Over 1m species face threat of extinction: Global body | The Express Tribune


GENEVA:

More than one million species face the threat of extinction, a global biodiversity body said on Monday.

The Geneva-based International Union for Conservation of Nature (IUCN) is the only international observer organisation in the UN General Assembly with expertise in the environment, particularly in biodiversity, nature conservation and sustainable natural resource use.

According to its Red List of Threatened Species, over 8,400 species of wild fauna and flora are critically endangered, while nearly 30,000 more are understood to be endangered or vulnerable.

“Based on these estimates, it is suggested that over a million species are threatened with extinction,” the environmental body said in a statement to raise awareness over endangered and critically endangered wildlife.

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The union also said it wants to highlight conservation efforts’ power to reverse the fate of endangered species by highlighting UN World Wildlife Day 2022 on March 3.

‘Existential threat’

“Biodiversity loss is an existential threat to people and planet,” said CITES Secretary-General Ivonne Higuero.

“The continued loss of wildlife species threatens to undermine entire ecosystems and puts into peril the well-being of all who rely on them.”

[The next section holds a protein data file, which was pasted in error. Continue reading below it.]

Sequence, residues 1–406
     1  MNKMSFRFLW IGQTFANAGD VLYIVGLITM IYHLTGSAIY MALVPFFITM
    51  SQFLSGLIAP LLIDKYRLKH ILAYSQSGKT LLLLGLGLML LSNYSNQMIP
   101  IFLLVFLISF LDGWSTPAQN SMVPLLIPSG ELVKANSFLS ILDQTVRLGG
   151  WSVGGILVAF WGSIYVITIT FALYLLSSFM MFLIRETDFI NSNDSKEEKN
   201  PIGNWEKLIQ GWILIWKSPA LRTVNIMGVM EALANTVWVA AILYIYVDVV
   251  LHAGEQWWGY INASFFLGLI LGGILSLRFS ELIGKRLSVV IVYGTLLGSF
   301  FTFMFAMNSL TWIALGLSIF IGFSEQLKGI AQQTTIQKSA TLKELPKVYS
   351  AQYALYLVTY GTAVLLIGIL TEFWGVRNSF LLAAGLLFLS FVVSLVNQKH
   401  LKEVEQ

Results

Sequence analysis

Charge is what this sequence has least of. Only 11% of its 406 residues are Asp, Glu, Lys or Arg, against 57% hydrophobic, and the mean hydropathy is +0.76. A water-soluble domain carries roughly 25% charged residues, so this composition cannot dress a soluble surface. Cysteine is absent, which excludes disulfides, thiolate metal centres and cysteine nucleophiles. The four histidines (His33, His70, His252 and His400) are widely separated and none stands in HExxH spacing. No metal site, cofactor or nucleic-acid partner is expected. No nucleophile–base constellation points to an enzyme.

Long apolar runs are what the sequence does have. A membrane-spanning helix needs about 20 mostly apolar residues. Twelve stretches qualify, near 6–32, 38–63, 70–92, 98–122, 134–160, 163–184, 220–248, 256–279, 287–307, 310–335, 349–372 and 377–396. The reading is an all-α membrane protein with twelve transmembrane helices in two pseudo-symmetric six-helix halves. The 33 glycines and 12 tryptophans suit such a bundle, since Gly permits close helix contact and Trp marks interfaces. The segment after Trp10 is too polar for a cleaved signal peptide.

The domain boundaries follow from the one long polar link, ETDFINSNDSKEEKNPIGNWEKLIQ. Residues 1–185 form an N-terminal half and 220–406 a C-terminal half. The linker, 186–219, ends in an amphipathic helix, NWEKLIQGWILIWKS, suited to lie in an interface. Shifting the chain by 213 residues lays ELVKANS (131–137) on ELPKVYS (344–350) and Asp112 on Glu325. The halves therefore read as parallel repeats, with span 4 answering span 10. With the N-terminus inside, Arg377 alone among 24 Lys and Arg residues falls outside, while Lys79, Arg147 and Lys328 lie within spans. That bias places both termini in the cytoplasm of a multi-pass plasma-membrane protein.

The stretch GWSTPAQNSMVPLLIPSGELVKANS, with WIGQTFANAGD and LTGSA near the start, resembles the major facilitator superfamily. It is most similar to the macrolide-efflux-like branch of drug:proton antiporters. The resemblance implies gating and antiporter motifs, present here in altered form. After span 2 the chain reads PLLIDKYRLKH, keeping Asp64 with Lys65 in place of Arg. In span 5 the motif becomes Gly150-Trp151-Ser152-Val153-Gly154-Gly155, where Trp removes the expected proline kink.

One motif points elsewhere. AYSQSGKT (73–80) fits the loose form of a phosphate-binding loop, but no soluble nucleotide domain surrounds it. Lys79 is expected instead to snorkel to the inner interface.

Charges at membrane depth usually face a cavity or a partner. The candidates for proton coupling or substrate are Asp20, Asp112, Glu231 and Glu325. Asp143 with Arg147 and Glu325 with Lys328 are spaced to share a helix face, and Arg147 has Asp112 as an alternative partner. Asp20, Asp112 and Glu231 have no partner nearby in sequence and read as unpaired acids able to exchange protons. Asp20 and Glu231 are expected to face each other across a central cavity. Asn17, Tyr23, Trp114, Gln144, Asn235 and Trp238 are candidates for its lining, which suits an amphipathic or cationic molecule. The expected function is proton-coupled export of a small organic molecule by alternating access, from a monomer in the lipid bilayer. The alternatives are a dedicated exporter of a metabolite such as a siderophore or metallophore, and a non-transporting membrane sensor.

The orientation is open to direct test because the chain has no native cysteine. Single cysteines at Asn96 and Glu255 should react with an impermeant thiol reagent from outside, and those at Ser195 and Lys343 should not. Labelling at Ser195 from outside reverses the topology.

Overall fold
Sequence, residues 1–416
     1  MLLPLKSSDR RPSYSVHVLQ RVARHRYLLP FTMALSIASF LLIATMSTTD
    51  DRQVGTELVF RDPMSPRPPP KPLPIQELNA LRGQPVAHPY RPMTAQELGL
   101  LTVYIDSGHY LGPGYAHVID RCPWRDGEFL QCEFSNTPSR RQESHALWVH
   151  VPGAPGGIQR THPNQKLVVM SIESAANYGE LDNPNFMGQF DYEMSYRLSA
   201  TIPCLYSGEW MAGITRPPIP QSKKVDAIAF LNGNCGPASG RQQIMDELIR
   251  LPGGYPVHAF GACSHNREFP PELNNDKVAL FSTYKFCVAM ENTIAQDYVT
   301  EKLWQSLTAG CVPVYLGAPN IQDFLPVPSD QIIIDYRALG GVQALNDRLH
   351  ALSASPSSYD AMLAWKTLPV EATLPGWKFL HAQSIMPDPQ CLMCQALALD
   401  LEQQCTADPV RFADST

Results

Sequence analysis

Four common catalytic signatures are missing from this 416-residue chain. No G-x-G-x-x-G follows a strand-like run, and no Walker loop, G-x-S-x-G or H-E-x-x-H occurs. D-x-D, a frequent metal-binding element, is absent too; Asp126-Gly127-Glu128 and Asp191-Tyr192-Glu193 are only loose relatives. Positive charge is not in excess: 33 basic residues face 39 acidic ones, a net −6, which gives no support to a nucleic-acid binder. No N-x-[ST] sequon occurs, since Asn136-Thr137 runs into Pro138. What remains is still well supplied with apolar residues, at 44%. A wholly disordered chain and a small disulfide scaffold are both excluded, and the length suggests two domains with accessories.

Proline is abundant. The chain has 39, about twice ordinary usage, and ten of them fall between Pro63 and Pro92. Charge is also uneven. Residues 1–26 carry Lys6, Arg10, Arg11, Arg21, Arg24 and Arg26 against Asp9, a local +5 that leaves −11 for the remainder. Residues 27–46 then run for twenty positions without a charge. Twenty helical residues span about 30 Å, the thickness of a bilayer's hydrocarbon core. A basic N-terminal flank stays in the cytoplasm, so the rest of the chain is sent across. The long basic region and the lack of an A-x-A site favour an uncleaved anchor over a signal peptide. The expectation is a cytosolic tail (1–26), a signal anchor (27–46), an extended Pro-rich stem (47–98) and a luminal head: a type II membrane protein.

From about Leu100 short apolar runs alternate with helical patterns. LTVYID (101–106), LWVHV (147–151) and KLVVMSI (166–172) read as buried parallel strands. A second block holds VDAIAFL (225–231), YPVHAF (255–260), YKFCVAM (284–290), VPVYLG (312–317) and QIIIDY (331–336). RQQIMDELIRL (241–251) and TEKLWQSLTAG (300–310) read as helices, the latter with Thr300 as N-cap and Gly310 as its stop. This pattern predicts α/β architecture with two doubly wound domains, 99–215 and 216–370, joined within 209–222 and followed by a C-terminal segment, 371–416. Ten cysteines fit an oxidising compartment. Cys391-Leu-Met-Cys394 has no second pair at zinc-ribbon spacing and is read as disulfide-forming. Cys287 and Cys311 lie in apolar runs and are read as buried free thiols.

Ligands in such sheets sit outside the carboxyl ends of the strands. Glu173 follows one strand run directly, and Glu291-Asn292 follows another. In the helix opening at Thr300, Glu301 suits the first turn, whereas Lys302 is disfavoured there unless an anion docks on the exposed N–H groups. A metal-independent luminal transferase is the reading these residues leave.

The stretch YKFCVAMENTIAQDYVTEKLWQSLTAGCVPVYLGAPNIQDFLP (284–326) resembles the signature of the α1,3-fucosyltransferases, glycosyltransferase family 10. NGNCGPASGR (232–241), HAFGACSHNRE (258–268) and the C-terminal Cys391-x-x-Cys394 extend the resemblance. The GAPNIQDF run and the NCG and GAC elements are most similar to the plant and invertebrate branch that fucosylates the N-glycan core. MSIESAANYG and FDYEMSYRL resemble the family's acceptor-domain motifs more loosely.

Higuero said that loss is not inevitable, and humanity has the power to change course and restore threatened species and their habitats.

Also read: UN urges nations to spend more on species protection as new pact talks begin

CITES is the Convention on International Trade in Endangered Species of Wild Fauna and Flora which the IUCN administers.

The theme for the next UN World Wildlife Day is “Recovering key species for ecosystem restoration.”

It aims to promote the best examples of where species were brought back from the brink, and it will drive discussions towards new solutions to conservation and sustainability.

“It is our hope that World Wildlife Day will help chart a path towards a sustainable future, with the goal of living in harmony with nature,” said Higuero.

“Ultimately, we hope to spur on the needed political will to adopt a robust post-2020 global biodiversity framework and secure our common future.”




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